Anti-corruption oversight lacking - Lawmaker decries scarcity of investigative reports from Integrity Commission
Leader of Opposition business in the Senate Donna Scott-Mottley is questioning why there was only one investigative report from the Integrity Commission since its establishment 24 months ago.
In her contribution to the State of the Nation Debate in the Upper House on Thursday, Scott-Mottley said that the dearth in the submission of investigative reports from the Government’s anti-corruption oversight body represented a significant fall-off from its predecessor agency, the Office of the Contractor General. “What accounts for this?” she asked.
She said that the high turnover of commissioners at the key government oversight body was a cause for concern.
Since its establishment in February 2018, the commission lost Karl Harrison, the first chairman who resigned last year. In early January, another commissioner, Derrick McKoy, quit his job on the oversight body. In 2019, the commission had seen the departure of acting director of corruption prosecutions Dirk Harrison who proceeded on retirement. The positions have since been filled with Seymour Panton elevated to chairman.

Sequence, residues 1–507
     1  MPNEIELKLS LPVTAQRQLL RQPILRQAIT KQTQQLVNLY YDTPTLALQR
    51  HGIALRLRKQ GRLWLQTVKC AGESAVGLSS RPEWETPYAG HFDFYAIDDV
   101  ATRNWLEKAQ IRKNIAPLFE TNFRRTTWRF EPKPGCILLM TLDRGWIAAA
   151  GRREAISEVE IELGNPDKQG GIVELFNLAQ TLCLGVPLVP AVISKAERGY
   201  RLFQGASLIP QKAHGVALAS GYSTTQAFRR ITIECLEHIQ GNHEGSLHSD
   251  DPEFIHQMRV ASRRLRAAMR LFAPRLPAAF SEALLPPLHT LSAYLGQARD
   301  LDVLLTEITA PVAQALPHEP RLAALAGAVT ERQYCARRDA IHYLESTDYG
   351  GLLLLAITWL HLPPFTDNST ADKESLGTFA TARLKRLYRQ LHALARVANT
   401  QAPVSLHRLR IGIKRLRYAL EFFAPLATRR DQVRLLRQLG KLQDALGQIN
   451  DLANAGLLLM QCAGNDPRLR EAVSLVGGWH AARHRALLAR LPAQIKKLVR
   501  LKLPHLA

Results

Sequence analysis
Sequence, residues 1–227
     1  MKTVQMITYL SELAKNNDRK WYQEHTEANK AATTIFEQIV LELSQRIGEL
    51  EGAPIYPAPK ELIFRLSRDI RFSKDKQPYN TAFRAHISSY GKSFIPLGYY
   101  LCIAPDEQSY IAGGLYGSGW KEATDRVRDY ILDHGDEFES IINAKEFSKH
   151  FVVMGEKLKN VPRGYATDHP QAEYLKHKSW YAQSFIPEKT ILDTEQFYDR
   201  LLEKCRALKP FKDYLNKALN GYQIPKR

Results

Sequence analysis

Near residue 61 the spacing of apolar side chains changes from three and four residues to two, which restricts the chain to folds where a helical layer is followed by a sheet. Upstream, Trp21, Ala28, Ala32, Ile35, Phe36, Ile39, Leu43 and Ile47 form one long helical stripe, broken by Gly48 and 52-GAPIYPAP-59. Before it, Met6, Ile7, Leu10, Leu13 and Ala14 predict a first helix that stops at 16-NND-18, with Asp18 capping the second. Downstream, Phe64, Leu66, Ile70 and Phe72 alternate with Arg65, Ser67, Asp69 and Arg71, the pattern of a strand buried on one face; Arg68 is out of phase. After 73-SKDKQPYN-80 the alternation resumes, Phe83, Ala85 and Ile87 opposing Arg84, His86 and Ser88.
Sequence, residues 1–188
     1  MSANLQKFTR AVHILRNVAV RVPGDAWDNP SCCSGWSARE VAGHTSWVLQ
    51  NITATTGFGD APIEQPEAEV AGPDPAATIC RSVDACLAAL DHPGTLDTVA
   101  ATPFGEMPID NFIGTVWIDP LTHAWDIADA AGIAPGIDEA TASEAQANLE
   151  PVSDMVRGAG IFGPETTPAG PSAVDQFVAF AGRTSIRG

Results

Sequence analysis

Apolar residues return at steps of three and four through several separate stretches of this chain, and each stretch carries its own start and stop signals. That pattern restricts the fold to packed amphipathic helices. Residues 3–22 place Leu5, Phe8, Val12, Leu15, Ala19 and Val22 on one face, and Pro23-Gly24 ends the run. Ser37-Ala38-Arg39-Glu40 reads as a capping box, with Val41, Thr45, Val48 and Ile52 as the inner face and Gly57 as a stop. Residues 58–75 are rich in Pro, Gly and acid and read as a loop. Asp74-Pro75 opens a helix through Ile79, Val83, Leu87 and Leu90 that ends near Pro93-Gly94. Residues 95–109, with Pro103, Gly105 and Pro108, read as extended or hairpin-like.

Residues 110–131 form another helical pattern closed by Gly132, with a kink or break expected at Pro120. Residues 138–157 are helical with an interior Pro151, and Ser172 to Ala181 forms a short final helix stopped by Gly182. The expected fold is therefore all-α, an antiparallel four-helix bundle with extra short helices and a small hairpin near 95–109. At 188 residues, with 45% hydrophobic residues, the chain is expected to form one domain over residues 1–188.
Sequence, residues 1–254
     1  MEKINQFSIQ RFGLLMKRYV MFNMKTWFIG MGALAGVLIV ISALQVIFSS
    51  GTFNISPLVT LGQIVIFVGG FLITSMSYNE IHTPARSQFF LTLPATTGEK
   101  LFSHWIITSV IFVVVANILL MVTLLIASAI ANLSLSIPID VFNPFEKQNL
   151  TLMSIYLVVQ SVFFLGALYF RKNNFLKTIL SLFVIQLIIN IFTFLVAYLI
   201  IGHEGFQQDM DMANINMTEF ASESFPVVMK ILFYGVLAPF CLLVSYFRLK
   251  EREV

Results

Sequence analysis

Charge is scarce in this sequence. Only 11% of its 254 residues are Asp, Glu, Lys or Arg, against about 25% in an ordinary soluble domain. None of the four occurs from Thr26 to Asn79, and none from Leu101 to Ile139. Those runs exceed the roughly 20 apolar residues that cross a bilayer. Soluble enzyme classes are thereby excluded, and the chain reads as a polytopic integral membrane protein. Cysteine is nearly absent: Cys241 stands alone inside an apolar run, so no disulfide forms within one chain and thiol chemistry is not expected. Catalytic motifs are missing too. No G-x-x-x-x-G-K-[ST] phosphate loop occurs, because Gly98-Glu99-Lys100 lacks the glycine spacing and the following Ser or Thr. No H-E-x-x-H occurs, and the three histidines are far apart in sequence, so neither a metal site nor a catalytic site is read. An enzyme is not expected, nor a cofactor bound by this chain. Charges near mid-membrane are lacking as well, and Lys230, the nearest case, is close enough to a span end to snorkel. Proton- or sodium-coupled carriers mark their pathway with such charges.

Scott-Mottley also raised questions about the absence of current information regarding quarterly contract award (QCA) reports by public bodies. She said that the QCA, which had been posted on the contractor general’s website from 2006 was not up to date. The last update was August 2018, said the leader of Opposition business, noting that “it clearly indicates that the Integrity Commission has not continued this best practice”.
Under the previous dispensation, the Office of the Contractor General (now defunct) reported in 2012 a 100 per cent compliance rate in the submission of QCA reports.
On the question of the parliamentary oversight committee to review the operations of the Integrity Commission, Scott-Mottley said that Prime Minister Andrew Holness had given directives on January 28 in Gordon House for the members to be named. However, she argued that it took calls from civil society and the media for the prime minister to deliver on a crucial legislative requirement. This, she said, raised the question of the Government’s commitment to battling corruption, which Holness described as a tier level one threat to Jamaica.